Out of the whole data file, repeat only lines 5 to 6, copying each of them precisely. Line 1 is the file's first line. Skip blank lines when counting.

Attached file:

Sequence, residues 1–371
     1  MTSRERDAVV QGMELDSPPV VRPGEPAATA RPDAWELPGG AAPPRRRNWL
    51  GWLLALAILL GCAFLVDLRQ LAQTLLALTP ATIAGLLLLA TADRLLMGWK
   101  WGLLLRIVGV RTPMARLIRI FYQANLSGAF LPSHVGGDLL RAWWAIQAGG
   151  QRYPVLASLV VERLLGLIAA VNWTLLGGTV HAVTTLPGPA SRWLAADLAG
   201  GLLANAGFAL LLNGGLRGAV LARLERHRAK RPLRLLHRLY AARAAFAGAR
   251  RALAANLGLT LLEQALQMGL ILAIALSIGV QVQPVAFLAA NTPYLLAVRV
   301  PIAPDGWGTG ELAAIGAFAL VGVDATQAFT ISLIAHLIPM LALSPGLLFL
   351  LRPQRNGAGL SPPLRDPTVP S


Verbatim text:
   151  QRYPVLASLV VERLLGLIAA VNWTLLGGTV HAVTTLPGPA SRWLAADLAG
   201  GLLANAGFAL LLNGGLRGAV LARLERHRAK RPLRLLHRLY AARAAFAGAR